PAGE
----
What is the role of secondary impingement in the etiology of supraspinatus tendonitis?

Updated: Dec 04, 2017
  • Author: Thomas M DeBerardino, MD; Chief Editor: Sherwin SW Ho, MD  more...
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Answer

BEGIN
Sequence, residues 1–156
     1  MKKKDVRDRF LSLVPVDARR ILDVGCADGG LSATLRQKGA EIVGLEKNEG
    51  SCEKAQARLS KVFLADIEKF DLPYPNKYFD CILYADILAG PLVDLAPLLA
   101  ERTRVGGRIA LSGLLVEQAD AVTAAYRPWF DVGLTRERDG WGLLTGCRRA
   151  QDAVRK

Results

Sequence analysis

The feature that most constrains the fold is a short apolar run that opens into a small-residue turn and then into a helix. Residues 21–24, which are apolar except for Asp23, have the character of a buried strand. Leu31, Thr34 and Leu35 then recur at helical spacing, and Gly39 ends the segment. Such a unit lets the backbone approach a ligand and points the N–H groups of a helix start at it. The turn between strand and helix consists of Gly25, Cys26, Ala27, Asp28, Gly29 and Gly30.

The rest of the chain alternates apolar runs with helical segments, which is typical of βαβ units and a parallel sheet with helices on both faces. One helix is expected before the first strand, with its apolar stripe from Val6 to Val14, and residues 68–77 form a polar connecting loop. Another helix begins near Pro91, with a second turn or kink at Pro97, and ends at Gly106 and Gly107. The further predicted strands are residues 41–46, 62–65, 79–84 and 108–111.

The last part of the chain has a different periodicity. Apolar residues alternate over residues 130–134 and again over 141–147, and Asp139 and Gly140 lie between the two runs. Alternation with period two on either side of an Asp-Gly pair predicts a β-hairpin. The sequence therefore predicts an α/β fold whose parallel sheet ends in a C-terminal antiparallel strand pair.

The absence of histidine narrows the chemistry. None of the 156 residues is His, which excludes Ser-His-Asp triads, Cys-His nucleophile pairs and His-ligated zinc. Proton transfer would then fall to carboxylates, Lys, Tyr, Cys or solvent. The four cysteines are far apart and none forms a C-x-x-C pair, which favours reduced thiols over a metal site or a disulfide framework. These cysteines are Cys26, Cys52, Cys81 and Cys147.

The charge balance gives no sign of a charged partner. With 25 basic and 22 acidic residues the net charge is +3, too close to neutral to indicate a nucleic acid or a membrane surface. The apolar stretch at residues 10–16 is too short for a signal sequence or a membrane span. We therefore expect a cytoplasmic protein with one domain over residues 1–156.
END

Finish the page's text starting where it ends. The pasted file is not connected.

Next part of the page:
Secondary impingement may be the most common cause in young athletes who use overhead motions and who frequently place repetitive large stresses on the static and dynamic glenohumeral stabilizers, resulting in microtrauma and attenuation of the glenohumeral ligamentous structures and leading to subclinical glenohumeral instability. Such instability places increased stress on the dynamic stabilizers of the glenohumeral joint, including the rotator cuff tendon. These increased demands may lead to rotator cuff pathology such as partial tearing or tendonitis, and, as the rotator cuff muscles fatigue, the humeral head translates anteriorly and superiorly, impinging on the coracoacromial arch, which leads to rotator cuff inflammation. In these patients, treatment should be directed at the underlying instability.


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